PSU_ctdPractical salinity from CTD. practical salinity units (psu)
atom_ratio_129I_127IAtom Ratio 129I/127I in atom per atom unitless
std_dev_129_127Ione-sigma standard deviation uncertainty in atom per atom unitless
atom_129IAtoms 129I per liter seawater atom per liter (atom/L)
std_dev_129Iatomone-sigma standard deviation uncertainty atom per Liter (atom/L)
FLAGAlphanumeric flag regarding sample collection or data acquistion Flag Definitions: collection - @sea bottle labelling issue; do not use bad target - do not use na - no flag, not applicable unitless
NoteDescription of the flag unitless

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Dataset-specific Instrument Name
Niskin bottles
Generic Instrument Name
Niskin bottle
Dataset-specific Description
Sampling onboard the KOK was conducted using paired Niskin bottles on a CTD/rosette.
Generic Instrument Description
A Niskin bottle (a next generation water sampler based on the Nansen bottle) is a cylindrical, non-metallic water collection device with stoppers at both ends. The bottles can be attached individually on a hydrowire or deployed in 12, 24, or 36 bottle Rosette systems mounted on a frame and combined with a CTD. Niskin bottles are used to collect discrete water samples for a range of measurements including pigments, nutrients, plankton, etc.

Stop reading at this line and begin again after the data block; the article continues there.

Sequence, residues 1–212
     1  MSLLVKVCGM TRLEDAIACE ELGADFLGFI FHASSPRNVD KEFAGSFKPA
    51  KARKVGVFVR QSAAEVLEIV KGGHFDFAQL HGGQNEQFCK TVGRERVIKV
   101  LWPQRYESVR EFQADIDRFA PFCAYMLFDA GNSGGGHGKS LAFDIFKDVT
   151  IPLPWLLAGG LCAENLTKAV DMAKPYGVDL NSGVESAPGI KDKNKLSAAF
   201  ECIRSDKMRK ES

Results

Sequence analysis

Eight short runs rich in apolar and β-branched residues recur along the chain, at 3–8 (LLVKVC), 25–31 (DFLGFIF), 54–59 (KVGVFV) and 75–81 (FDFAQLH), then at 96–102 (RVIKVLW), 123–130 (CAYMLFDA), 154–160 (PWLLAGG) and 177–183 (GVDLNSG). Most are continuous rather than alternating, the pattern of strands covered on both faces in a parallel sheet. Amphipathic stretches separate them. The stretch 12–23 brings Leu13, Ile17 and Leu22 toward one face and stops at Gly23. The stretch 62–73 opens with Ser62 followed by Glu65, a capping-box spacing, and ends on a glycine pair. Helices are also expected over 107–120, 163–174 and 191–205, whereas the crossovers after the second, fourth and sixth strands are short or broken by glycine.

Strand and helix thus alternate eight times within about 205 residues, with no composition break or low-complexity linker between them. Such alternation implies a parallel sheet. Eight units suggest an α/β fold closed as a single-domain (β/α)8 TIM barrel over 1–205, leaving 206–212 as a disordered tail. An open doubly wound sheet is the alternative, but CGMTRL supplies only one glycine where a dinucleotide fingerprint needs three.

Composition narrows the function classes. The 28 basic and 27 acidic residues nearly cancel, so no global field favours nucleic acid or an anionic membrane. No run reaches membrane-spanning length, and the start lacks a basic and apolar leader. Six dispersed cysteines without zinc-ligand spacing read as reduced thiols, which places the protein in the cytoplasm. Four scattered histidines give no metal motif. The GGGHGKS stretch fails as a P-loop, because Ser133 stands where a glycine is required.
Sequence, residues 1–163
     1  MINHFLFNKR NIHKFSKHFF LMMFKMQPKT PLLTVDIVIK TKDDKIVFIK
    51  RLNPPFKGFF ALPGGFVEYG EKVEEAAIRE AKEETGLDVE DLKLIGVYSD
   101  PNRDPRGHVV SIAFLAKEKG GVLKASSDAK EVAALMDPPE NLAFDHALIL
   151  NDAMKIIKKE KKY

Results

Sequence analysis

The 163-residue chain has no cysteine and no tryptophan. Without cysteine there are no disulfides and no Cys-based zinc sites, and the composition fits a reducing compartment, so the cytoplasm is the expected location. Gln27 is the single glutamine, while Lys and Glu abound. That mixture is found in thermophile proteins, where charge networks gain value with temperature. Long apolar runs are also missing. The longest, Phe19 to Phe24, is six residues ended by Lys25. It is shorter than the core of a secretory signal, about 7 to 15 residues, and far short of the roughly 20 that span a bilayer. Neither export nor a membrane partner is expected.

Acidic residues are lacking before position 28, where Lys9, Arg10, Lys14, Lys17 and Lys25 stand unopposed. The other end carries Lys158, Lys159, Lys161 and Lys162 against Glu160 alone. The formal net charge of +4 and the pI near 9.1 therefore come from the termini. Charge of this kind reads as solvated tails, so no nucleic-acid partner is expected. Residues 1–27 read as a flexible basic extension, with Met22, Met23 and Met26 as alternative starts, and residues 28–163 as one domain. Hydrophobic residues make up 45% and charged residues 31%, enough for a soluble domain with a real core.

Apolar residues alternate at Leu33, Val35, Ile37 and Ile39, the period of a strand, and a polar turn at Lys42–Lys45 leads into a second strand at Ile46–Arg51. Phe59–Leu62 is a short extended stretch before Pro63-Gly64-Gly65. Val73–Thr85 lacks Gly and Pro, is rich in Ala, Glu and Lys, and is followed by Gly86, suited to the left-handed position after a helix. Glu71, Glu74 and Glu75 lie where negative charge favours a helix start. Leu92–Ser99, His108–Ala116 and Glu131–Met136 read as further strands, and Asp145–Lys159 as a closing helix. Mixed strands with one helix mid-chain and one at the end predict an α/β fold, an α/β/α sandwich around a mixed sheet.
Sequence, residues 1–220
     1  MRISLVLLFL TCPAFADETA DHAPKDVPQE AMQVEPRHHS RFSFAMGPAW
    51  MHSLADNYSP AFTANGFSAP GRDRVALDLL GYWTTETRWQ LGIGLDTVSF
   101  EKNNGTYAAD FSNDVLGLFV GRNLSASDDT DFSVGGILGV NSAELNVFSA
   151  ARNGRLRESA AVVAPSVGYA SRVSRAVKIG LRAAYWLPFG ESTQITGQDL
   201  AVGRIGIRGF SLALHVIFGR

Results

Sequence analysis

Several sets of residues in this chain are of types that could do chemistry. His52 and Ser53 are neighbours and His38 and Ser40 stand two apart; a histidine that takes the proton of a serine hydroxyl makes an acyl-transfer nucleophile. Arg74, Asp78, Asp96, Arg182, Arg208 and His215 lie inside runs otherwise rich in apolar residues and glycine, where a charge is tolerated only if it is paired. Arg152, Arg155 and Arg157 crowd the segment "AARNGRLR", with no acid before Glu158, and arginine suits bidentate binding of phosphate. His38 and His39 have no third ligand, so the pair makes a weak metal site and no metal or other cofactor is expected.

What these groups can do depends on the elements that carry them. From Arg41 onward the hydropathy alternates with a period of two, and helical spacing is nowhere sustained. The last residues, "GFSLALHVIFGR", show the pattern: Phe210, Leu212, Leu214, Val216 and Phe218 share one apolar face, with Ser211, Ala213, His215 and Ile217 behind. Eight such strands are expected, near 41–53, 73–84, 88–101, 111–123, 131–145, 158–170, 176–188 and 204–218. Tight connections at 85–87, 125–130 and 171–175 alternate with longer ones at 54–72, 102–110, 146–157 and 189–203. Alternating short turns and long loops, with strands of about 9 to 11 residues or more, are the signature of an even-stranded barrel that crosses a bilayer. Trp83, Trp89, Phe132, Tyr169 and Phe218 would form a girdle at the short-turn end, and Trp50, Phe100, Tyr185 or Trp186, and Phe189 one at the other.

Dataset-specific Instrument Name
Generic Instrument Name
CTD profiler
Dataset-specific Description
Sampling onboard the KOK was conducted using paired Niskin bottles on a CTD/rosette.
Generic Instrument Description
The Conductivity, Temperature, Depth (CTD) unit is an integrated instrument package designed to measure the conductivity, temperature, and pressure (depth) of the water column. The instrument is lowered via cable through the water column and permits scientists observe the physical properties in real time via a conducting cable connecting the CTD to a deck unit and computer on the ship. The CTD is often configured with additional optional sensors including fluorometers, transmissometers and/or radiometers. It is often combined with a Rosette of water sampling bottles (e.g. Niskin, GO-FLO) for collecting discrete water samples during the cast. This instrument designation is used when specific make and model are not known.